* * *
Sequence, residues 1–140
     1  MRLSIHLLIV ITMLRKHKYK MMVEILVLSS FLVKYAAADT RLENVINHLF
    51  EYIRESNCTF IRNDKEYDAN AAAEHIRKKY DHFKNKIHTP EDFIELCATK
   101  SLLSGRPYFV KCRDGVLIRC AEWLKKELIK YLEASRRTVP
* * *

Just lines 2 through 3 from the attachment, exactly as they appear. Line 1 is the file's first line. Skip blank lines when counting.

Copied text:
     1  MRLSIHLLIV ITMLRKHKYK MMVEILVLSS FLVKYAAADT RLENVINHLF
    51  EYIRESNCTF IRNDKEYDAN AAAEHIRKKY DHFKNKIHTP EDFIELCATK